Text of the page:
Going through a military divorce comes with a number of laws and issues that don’t necessarily apply to a civilian divorce. If you are a military family facing divorce, it is important to be aware of the specific issues that you face. Speak with the experienced divorce attorneys at Parker & DuFresne if you’re seeking legal representation in a military divorce.
Where Can I File for Military Divorce?
Service men and women and their families often move frequently. In some cases, they may be stationed in a state that is different from where they maintain a permanent residence. This can make it hard to know where to file for divorce if you’re a military family.
To file for military divorce in Florida, you must either be a resident of Florida or be stationed in Florida. While typically you must reside in Florida for at least six months to file for divorce, more leniency is given to active members of the military. You may have other options as to where you file as well. These include filing in the state where you have permanent residence or where you and your spouse last resided together. Speak with your Jacksonville divorce attorney about filing in the state of Florida and what is most beneficial in your situation.
Determining Child Custody in a Military Divorce
Custody is one of the most critical issues to consider in any divorce. Making matters even more complex are some unique factors that apply to military families, such as deployment, leave and relocation. The court will always look at all of the factors to decide what’s best for any children involved.
When it comes to deployment, the court will look to see if the military member is frequently deployed. The court will generally find it’s in the child’s best interest to reside with the parent who is not deployed. This is because it typically provides more stability in the child’s life.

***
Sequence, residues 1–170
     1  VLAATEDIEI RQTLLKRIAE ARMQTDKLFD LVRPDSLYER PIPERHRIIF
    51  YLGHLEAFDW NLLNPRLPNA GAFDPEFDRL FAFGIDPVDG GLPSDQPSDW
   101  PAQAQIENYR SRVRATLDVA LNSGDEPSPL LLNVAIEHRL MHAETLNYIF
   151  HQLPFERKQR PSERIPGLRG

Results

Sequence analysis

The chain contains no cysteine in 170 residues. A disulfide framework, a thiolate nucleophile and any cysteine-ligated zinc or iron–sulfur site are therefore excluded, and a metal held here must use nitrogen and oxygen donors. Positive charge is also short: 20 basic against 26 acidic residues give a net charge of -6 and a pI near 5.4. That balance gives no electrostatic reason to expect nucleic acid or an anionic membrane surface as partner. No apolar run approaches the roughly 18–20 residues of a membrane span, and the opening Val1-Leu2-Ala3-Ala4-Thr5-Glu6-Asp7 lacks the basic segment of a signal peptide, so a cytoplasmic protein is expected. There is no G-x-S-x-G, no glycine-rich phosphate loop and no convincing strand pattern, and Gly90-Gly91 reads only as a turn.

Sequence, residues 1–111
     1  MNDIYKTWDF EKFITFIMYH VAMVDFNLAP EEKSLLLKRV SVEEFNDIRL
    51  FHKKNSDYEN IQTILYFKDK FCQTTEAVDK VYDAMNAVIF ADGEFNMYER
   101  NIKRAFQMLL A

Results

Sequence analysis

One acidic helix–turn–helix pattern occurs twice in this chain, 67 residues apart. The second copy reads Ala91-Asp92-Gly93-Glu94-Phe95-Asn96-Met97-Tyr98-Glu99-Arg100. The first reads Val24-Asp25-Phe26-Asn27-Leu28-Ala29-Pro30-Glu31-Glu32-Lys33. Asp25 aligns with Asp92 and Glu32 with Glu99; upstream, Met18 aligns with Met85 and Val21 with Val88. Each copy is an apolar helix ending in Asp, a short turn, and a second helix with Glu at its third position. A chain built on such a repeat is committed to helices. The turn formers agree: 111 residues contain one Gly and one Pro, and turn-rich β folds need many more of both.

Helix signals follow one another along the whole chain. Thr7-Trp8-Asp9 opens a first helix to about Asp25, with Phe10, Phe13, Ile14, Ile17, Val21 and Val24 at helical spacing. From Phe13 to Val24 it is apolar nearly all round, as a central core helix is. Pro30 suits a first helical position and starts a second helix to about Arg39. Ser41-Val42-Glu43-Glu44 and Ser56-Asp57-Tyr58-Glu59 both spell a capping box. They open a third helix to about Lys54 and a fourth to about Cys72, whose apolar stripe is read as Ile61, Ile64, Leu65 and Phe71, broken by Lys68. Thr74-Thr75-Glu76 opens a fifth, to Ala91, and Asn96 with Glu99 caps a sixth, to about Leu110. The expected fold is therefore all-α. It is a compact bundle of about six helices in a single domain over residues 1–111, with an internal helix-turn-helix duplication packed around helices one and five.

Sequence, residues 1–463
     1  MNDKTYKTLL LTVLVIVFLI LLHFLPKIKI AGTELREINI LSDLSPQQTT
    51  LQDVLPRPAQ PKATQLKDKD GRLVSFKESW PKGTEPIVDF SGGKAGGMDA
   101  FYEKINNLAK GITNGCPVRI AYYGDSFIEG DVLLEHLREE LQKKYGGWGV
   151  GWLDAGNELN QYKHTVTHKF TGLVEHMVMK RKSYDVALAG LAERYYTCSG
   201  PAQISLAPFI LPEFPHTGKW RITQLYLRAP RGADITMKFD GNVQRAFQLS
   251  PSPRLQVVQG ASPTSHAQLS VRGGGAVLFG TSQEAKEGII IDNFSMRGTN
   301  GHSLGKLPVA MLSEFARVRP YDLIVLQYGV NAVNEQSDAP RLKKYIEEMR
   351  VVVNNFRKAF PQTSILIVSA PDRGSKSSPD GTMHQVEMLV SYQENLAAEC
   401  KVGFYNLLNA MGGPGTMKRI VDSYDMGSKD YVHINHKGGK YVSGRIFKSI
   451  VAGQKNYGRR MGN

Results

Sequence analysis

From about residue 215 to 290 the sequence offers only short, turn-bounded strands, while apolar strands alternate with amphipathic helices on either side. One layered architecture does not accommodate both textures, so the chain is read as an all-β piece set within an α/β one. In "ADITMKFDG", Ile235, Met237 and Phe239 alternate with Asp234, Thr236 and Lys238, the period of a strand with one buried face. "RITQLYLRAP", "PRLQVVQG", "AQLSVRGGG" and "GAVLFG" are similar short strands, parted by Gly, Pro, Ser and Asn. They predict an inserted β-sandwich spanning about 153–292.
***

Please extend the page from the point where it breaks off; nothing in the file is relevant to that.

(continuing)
In a military divorce, the service member’s parental rights will be protected while deployed. Florida law mandates that custody arrangements may not be changed in any way during a deployment. The only exception is if it’s a change that impacts the child’s well-being or best interests. This exception must be proven to the court in order to go into effect.
Dividing Military Retirement
Another issue unique to military divorce is that of dividing military retirement benefits. This is one of the reasons it’s imperative to have a skilled divorce attorney handling your case. The way in which military retirement benefits are calculated and divided is governed by the Uniformed Services Former Spouses’ Protection Act, or USFSPA.
Under this federal law, you must be married to a service member for at least 10 years while he or she was active military to receive direct benefits from the DFAS. If this timeframe is not met, the court may decide a spouse may still be eligible for some benefits, which will be paid by the ex-spouse directly rather than by the government.
Only Work with an Experienced Family Law Attorney
With all of the unique factors to take into consideration with a military divorce, it is important to have an experienced attorney to guide you through your case. If you’re a military family facing a divorce in Florida, contact the skilled attorneys at Parker & DuFresne to schedule a consultation today at (904) 733-7766.